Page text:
Since most of us change our oil every 3,000 to 5,000 miles without driving in extreme conditions, it hardly seems worth it to pay five times more for synthetic oil.

According to Discovery Communications’ HowStuffWorks, the choice between standard or synthetic oil comes down to a couple of factors including environmental consciousness, time between oil changes, and whether you really believe synthetic oil will be better for your engine.

Extending Time Between Changes

If the potential cost of changing your oil seems a bit frightening to you, there may be some good news. Check the owner’s manual that came with your vehicle to find manufacturer recommendations for oil change frequencies.

According to Edmunds, the average American is unnecessarily wasting a lot of money on oil changes. Their claim is that today’s modern cars have an average oil change cycle of 7,800 miles rather than the 3,000 miles of days gone by.

Edmunds even suggests some of today’s high-performance cars can go as much as 20,000 miles without an oil change.

Even at a liberal 20,000 miles driven annually, you could conceivably go five years before your first oil change on one of these high-performance cars. For the rest of us, 7,800 miles would dictate one oil change every couple of years.

Using a Lube Shop

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Before you stop at your local Midas or PepBoys, ask yourself whether it’s worth the cost.

According to a 2012 National Oil and Lube News survey, the average price for a standard oil change at a nationwide lube chain was just over $35. That same oil change was about $33 at a full-service repair shop and almost $44 at the local dealership.

Dollar for dollar the price between the lube chain and full-service repair shop is comparable.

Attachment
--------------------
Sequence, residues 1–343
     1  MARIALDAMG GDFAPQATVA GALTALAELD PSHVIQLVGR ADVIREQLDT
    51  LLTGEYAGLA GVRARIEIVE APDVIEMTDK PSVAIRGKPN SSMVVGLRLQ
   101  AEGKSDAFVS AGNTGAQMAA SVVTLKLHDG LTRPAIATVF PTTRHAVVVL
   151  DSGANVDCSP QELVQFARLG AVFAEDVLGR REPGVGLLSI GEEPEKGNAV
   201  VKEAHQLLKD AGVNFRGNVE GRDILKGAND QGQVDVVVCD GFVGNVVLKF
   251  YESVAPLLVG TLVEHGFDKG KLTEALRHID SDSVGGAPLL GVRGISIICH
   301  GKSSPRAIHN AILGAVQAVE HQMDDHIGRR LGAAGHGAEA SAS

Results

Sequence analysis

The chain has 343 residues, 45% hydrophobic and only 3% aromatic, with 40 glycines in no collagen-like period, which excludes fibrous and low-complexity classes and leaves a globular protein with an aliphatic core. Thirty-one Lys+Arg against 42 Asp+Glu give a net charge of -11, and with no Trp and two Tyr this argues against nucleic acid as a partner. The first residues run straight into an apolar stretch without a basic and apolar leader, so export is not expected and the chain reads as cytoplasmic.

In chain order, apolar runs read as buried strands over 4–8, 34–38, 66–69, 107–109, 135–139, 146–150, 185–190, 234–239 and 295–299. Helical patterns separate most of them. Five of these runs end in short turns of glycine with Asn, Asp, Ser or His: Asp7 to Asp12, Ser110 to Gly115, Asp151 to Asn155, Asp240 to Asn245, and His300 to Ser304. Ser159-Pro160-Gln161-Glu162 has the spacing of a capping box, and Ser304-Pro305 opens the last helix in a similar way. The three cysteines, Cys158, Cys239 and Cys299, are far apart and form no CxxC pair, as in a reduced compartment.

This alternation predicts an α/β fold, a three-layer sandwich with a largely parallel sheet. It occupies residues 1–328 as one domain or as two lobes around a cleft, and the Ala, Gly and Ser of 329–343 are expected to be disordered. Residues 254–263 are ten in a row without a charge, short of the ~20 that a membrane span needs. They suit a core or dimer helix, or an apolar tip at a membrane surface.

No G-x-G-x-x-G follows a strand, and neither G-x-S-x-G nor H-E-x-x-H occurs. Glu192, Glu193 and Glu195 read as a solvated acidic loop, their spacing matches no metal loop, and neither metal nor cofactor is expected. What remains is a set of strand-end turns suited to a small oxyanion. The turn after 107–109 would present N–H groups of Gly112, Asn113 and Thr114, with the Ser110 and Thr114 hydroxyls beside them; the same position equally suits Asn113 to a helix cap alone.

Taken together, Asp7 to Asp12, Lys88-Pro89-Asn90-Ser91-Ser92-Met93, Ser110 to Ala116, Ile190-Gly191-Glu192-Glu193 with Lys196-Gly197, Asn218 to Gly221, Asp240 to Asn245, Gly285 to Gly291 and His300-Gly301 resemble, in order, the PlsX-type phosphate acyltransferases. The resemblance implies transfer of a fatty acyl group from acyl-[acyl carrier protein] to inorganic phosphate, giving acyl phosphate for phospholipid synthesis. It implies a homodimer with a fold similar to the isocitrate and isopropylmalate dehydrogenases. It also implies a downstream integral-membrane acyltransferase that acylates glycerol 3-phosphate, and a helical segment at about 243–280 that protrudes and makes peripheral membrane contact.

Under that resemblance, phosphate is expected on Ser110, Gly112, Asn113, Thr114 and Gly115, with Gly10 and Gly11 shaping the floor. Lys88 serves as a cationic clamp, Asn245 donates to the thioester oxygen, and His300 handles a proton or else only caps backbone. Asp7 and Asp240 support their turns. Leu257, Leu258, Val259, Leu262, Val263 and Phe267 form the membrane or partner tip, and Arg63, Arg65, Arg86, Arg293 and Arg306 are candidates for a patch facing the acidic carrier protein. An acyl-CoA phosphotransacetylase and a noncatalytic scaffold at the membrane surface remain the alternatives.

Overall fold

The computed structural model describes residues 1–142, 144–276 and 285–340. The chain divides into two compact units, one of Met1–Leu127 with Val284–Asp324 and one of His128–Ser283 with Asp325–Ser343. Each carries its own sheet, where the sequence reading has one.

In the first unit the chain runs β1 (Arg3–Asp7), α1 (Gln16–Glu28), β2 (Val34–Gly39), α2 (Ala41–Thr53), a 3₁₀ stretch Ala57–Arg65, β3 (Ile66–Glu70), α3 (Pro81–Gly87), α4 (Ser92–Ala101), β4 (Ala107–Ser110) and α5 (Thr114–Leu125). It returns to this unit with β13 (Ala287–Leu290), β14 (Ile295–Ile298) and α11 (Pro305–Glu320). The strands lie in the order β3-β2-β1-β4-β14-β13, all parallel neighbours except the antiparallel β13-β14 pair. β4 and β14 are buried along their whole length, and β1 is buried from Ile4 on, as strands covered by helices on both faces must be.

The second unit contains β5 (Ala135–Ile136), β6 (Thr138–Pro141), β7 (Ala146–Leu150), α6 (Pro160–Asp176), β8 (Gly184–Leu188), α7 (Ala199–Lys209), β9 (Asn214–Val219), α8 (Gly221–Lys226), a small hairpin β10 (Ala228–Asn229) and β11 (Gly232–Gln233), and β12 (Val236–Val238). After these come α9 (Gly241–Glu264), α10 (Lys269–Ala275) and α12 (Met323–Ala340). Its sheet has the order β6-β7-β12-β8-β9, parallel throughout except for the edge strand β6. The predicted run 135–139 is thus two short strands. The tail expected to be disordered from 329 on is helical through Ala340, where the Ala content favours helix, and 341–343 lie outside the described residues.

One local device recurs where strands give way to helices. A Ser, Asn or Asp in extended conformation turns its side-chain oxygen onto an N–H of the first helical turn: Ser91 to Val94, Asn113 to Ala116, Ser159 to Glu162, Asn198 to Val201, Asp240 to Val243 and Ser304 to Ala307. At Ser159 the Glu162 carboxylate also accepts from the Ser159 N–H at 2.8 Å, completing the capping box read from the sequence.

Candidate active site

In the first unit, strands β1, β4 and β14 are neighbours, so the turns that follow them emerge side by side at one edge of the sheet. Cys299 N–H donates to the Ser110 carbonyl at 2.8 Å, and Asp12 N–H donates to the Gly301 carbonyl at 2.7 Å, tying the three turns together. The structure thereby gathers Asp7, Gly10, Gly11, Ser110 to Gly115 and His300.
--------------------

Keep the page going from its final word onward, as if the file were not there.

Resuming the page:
Your full-service repair shop is usually staffed with seasoned mechanics with plenty of years experience. While it’s true they may pass off oil changes to green lube techs, at least the techs are under the supervision of experienced mechanics.

On the other hand, almost all of the workers at your local lube shop are nothing more than lube techs. They follow a script and a work flow chart put together by their employers; they may or may not have any real experience working with your engine.

What It All Means

To start with, if you are comfortable doing it yourself, you can change your oil for just the cost of the oil and the filter. Filters typically run less than $10.

So using the 2011 Kia Soul as an example, the cheapest oil will run about $15 for 3.5 quarts, and the oil filter is about $10. For $25 and 20 minutes of your time you can do the job at home.

A second option is to take that same vehicle to a quick lube shop and you’ll pay about $35 for the same service. One advantage is that they’ll also probably check your tire pressure, wiper blades, air filter, and PCV valve. Some will even rotate your tires at no additional cost.

Lastly, you can take your car to the dealership and pay almost twice the cost as you would by doing it yourself. We can’t say what types of services they offer as part of the oil change because each dealer is different. You’d have to ask your service manager what’s included in the price.

At the end of the day changing your own oil is still easier than shopping for car insurance.

Since finding cheap car insurance is a bit more complicated, make it simpler by putting your ZIP code into our FREE quote tool!